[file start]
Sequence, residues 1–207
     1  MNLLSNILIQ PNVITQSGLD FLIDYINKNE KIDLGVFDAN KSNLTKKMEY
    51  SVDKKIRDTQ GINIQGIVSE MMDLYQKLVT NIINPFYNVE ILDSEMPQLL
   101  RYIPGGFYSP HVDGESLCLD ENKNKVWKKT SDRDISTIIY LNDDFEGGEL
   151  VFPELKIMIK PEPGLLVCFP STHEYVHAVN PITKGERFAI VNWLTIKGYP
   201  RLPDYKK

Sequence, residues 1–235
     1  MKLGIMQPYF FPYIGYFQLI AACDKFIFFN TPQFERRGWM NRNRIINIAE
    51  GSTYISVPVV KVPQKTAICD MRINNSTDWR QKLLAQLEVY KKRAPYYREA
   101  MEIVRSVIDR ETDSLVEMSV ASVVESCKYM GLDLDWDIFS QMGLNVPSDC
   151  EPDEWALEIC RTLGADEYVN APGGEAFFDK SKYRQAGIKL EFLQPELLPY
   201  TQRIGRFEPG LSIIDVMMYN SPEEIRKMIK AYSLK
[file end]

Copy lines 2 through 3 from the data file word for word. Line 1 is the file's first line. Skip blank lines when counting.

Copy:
     1  MNLLSNILIQ PNVITQSGLD FLIDYINKNE KIDLGVFDAN KSNLTKKMEY
    51  SVDKKIRDTQ GINIQGIVSE MMDLYQKLVT NIINPFYNVE ILDSEMPQLL